CAIRO — Egypt’s main opposition alliance called for a “No” vote in the referendum on a disputed constitution rather than a boycott, hours after Islamist President Mohammed Morsi’s government forged ahead by starting overseas voting in diplomatic missions for expatriates.
The opposition’s decision did not dispel the atmosphere of a nation in crisis, deeply polarized over the referendum that has stoked three weeks of turmoil on the streets. The opposition still plans more protests and the country’s judges are still on strike over a decree by Morsi, since rescinded, that placed him above judicial oversight. The military is inching back into politics. And if the referendum passes, there is potential for even greater upheaval.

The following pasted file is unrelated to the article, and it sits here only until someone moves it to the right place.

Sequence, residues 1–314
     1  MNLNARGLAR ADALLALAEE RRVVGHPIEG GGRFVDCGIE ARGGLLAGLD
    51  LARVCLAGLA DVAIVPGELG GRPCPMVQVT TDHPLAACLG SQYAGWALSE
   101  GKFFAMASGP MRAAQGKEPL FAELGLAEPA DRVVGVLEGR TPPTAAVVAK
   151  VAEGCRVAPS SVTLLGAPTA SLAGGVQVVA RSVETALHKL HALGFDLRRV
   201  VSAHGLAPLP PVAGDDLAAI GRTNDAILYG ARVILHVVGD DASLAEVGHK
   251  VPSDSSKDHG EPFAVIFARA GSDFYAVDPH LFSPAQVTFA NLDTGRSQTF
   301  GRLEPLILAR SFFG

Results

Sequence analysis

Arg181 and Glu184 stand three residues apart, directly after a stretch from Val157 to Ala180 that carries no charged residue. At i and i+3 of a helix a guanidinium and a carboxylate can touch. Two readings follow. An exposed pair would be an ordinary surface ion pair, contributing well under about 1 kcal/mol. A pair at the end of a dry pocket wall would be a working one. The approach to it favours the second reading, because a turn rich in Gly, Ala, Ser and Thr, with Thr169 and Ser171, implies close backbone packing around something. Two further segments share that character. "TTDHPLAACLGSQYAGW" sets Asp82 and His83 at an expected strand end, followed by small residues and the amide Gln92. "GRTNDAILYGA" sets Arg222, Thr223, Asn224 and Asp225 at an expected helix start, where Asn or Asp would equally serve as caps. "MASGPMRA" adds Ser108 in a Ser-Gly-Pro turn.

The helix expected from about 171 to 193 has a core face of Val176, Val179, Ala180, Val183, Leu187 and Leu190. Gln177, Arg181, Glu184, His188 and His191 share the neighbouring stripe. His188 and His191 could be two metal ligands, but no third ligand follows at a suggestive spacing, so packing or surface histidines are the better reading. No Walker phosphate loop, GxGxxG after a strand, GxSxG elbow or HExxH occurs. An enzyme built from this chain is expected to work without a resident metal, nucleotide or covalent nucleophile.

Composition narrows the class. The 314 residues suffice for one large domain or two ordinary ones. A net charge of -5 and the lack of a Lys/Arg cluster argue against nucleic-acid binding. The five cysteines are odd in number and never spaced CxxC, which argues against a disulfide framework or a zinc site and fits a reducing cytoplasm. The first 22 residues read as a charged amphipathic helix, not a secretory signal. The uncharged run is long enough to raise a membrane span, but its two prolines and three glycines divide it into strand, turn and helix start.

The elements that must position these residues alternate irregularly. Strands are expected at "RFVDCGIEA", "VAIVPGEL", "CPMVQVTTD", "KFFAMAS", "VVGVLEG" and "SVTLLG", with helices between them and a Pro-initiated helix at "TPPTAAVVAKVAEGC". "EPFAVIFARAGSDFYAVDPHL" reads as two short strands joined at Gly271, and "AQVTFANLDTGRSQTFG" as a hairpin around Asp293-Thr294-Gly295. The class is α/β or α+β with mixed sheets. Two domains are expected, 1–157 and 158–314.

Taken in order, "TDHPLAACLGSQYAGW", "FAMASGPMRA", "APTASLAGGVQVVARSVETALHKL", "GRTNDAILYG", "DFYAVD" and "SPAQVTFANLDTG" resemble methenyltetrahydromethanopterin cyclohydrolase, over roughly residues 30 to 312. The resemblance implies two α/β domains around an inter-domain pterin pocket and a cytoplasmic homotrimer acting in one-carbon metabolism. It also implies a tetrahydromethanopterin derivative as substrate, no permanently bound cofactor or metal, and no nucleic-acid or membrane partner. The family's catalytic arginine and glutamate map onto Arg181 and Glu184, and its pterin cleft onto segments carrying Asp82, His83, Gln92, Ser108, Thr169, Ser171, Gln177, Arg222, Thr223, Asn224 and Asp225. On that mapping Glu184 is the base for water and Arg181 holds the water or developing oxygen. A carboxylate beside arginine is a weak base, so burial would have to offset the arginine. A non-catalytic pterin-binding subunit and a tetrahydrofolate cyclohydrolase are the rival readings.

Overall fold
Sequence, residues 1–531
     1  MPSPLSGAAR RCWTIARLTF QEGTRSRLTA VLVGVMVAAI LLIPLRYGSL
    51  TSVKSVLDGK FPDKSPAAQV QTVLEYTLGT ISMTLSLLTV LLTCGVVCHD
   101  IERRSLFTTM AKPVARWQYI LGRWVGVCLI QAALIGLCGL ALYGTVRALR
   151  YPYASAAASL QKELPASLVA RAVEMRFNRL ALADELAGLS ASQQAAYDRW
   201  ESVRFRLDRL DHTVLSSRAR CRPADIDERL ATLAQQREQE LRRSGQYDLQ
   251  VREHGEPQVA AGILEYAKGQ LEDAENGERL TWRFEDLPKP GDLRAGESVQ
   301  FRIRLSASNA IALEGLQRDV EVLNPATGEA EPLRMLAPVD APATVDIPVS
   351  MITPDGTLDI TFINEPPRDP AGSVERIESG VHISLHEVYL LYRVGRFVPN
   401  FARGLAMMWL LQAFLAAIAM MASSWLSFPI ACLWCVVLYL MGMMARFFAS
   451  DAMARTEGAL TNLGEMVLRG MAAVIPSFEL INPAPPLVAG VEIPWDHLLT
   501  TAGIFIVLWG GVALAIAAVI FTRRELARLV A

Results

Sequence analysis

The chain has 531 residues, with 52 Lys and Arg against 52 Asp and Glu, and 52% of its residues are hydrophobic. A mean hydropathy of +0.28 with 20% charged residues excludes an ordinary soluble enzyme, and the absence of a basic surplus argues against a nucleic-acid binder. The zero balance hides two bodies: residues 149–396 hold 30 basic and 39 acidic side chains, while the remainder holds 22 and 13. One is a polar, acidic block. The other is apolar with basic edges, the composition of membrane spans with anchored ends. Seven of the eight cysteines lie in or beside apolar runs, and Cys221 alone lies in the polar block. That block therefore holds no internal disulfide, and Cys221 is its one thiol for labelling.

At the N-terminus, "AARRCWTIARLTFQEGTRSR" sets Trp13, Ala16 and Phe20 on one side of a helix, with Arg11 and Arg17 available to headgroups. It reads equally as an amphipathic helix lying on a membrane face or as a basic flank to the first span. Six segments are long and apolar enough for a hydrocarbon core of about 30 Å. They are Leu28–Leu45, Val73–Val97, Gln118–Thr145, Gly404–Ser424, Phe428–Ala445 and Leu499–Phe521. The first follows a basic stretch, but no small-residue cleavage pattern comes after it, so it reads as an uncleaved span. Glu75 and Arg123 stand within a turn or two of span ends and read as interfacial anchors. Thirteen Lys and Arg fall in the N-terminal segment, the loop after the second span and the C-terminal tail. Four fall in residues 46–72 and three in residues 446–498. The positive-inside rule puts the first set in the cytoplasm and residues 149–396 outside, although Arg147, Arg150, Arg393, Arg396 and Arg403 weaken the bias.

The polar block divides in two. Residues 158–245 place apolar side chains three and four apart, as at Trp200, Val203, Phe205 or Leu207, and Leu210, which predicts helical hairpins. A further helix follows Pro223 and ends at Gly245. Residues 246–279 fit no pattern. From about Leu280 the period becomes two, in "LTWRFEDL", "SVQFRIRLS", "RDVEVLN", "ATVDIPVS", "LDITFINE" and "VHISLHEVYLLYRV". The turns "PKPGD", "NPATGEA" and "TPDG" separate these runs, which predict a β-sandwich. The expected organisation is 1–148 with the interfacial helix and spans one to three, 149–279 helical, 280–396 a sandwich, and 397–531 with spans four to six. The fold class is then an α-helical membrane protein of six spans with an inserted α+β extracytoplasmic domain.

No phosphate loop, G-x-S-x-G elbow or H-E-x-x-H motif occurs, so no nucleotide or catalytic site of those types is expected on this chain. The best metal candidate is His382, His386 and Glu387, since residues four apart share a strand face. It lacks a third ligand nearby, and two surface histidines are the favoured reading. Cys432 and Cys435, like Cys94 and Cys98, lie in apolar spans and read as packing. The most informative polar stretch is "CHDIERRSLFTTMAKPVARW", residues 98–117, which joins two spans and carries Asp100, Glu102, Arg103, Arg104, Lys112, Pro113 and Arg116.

There are also growing concerns about the already flailing economy Egypt on Tuesday requested a postponement of a $4.8 billion IMF loan after Morsi, fearing a popular backlash at a time of already heightened tensions, suspended a package of tax hikes that had been part of a program to reduce the huge budget deficit.
The opposition said it still may boycott the vote starting in Egypt on Saturday if its conditions are not met.